Dozens of detained rebels returned Friday on a Red Cross ship to their eastern stronghold, detailing how they were tortured at the hands of Libyan leader Moammar Gadhafi's forces.
The ship carrying 51 prisoners also brought back 249 people who wanted to be reunited with family in eastern Libya, Red Cross spokeswoman Deepa Fakhir said. It was not immediately clear whether there had been a prisoner swap with the Gadhafi government.
"They electrocuted us, they tortured us in every possible way," said Yousef al-Fetori, who had been detained in the capital of Tripoli. "They broke my ribs, hand and leg."
The Red Cross spokeswoman denied that there were any prisoners from Benghazi being swapped on board.
However, a spokesman for the rebels' transitional government said five prisoners had previously been sent back to Tripoli, though the rebels had not been aware the Red Cross was returning people to Benghazi.
The Libyan rebels began their uprising four months ago against Gadhafi, who has been in power since 1969. The conflict has turned into a civil war, and Gadhafi's forces are accused of orchestrating deadly attacks on civilians.
A coalition including France, Britain and the United States began striking Gadhafi's forces under a United Nations resolution to protect civilians on March 19. NATO assumed control of the air campaign over Libya on March 31 and is joined by a number of Arab allies.
At least two explosions were felt in Tripoli on Friday night, indicating new airstrikes, though there was no word on what might have been targeted. Earlier in the day, a couple hundred government supporters gathered and fired automatic rifles into the air in the capital's central Green Square.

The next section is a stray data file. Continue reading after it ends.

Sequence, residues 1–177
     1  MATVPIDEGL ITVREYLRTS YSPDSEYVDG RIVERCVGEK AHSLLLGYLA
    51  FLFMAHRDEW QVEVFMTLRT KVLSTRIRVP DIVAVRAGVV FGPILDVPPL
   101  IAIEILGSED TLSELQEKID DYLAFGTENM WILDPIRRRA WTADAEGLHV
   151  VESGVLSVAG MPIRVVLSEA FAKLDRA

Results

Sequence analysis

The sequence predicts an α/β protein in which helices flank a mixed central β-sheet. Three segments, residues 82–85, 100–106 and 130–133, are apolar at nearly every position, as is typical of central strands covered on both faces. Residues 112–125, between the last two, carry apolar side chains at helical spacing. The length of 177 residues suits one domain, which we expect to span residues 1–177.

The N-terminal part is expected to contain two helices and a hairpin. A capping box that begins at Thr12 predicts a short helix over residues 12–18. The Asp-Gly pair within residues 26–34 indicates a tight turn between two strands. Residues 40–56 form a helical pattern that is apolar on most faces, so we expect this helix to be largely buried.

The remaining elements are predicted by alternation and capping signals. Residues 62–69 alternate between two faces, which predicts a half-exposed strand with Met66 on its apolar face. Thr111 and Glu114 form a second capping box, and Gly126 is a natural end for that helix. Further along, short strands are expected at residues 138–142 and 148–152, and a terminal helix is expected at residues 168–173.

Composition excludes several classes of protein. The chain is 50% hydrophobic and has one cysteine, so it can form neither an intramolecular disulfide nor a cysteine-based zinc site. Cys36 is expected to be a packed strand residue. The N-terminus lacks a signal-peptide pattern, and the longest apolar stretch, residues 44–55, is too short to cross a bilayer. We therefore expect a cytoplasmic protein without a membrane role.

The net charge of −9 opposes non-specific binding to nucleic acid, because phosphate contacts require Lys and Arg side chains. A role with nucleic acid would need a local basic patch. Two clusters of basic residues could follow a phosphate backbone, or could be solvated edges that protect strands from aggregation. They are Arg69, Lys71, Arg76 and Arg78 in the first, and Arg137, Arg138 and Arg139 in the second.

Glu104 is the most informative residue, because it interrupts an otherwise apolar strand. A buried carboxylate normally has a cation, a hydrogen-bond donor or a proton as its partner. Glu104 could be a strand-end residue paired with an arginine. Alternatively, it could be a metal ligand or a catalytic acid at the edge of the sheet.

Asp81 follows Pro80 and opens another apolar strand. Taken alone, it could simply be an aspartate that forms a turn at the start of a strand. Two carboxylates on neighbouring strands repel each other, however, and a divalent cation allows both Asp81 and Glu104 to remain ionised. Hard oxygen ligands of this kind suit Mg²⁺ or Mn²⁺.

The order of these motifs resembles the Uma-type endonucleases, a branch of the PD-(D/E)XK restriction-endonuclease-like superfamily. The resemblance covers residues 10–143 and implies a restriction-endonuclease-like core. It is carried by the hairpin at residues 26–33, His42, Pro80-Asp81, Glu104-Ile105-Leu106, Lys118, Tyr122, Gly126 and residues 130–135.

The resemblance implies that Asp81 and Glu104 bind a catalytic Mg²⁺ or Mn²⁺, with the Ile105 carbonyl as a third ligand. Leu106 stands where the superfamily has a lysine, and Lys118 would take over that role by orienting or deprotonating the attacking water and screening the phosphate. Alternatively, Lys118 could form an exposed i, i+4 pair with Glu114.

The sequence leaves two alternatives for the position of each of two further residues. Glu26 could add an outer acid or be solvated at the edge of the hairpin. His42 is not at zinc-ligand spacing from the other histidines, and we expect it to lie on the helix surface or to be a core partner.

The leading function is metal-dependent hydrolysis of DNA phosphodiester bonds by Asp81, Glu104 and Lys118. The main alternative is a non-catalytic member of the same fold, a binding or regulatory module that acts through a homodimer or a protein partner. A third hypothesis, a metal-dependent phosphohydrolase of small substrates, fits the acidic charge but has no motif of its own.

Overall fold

NATO said it struck multiple Libyan government command-and-control sites near the eastern oil town of Brega on Friday. The town has been a frequent flashpoint between rebels and Gadhafi's forces.
The alliance said government forces had moved into buildings in an abandoned area of Brega and started using them as military compounds to launch strikes on civilians, putting rebel-held cities such as Ajdabiya and Benghazi at risk.
"This continues to show Qadhafi's reprehensible tactics of placing military assets and operations at the heart of civilian neighborhoods," said Lt. Gen. Charles Bouchard, commander of NATO's Libya operation. "We have meticulously monitored these developments for a significant period and it was time to remove this threat."
The rebels have taken over much of the eastern half of Libya. They also control pockets in the west, including the vital port city of Misrata, about 125 miles (200 kilometers) from the capital.
Judges at the International Criminal Court in The Hague, Netherlands, have said they will rule Monday on whether to order Gadhafi's arrest.
A warrant would turn Gadhafi into an internationally wanted war crimes suspect at risk of detention if he traveled to ICC member states. However, the ICC has no police force and relies on participating countries to arrest suspects.
Adam Schreck in Tripoli contributed reporting.